And then, the door to a vehicle behind them opens. A young man gets out and rushes forward. My breath catches. He is young- late twenties or early thirties- the age of my sons. The other two are heavier, older by fifteen years or more. The young man does not hesitate. He throws himself between the two men in front of him. He looks up into the face of the man who is trying to pull the driver of the other car out of his seat. He puts a hand on the bigger man's shoulder.

And all the time he is talking, looking first at one man, then at the other, touching their arms, grasping one of their hands in one of his own. His voice is urgent, fast and confident, but he does not command. He appeals.

"You don’t want to do this. You really don’t. This is not going to work. You don’t really want to hurt someone. You'll regret it if you do. This is not who you want to be. If you take the next step, if you hit each other, it will all get out of control. You don’t want to do this. It won’t work. This is not who you are. This is not what you want. . . "

He never stops talking. The rest of us stand and watch and listen. There is no judgement in his voice, no accusation. There is, beneath his words, some knowledge of regret, an understanding of how good people can behave badly at times, of how things can and sometimes do get wildly out of control and real harm is done. Everyone on the sidewalk is very still. We hear the young man’s words reaching out to the men, asking them to remember who they really are.

The men hear it too. They slow down. They stop. The man who’d gotten out of his car looks around as if slightly baffled about how he got here. He looks at his hands for a moment, and then says, “Okay,” and walks back to his own vehicle.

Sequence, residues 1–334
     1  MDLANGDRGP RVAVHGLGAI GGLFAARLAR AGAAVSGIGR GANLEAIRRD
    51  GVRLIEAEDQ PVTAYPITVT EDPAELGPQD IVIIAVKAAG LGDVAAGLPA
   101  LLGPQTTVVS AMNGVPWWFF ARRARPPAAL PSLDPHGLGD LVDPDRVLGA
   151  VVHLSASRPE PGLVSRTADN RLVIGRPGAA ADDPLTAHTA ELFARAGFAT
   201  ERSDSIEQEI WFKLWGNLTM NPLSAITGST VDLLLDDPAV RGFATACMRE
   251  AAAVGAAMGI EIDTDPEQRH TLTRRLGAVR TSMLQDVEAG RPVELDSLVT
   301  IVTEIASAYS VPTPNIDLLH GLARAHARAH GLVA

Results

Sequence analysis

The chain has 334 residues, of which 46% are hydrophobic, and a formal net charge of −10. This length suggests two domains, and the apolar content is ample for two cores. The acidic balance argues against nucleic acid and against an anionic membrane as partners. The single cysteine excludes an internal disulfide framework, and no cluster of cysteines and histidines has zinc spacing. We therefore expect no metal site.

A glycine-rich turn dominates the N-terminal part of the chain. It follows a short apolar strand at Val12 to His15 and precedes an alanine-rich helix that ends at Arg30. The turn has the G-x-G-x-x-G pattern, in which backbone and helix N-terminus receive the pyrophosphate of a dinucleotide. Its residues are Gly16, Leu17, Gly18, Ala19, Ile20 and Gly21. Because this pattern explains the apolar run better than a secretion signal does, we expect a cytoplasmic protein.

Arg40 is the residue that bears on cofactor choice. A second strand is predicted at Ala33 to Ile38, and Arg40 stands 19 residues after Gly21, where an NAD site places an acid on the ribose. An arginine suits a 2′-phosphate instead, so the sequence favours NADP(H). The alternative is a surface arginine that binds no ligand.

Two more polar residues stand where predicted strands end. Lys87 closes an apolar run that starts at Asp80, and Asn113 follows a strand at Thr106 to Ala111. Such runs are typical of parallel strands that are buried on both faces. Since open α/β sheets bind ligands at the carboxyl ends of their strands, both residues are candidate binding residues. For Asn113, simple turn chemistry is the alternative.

The light changes. And everyone drives away.

I can hear a collective exhale where I and others stand on the sidewalk. I blink back unexpected tears and whisper, “Wow!”

Beside me, a  middle-aged man in a grey suit carrying a leather briefcase speaks.“You can say that again. That young man is one hell of a human being.”

The traffic flows, pedestrians walk on, the city around us buzzes back to life.

And I say a prayer of gratitude for the young man, with each breath offering back a thousand times the blessings he bestowed on the two men in disagreement, on all of us who were there to witness. Oh I know it could have turned out differently, that he was taking a risk of being hurt himself. But he led with his heart- you could hear it in his voice. That’s always risky, but often a choice worth making.

~Oriah House (c) 2015

Friday, October 9, 2015


Thanksgiving weekend here in Canada. I am so grateful for your messages of support- am still largely offline, finding strengthening health each day & appreciating the unfolding of autumn. Mulling this morning if I can allow my gratitude to be big enough to hold it all: the pain & the relief when pain eases; the depletion that flattens & the moments of energy & strength; the fulfillment & the letting go of plans. After all, the harvest (the gift of this life I have) is a result of all that comes, all that is wrestled with & accepted, held tenderly &. . . sometimes, not-so-tenderly. Happy Thanksgiving everyone. ~